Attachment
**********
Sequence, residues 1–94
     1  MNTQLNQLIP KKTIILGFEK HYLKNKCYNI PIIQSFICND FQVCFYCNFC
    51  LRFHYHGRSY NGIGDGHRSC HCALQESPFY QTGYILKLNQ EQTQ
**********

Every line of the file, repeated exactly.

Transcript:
Sequence, residues 1–94
     1  MNTQLNQLIP KKTIILGFEK HYLKNKCYNI PIIQSFICND FQVCFYCNFC
    51  LRFHYHGRSY NGIGDGHRSC HCALQESPFY QTGYILKLNQ EQTQ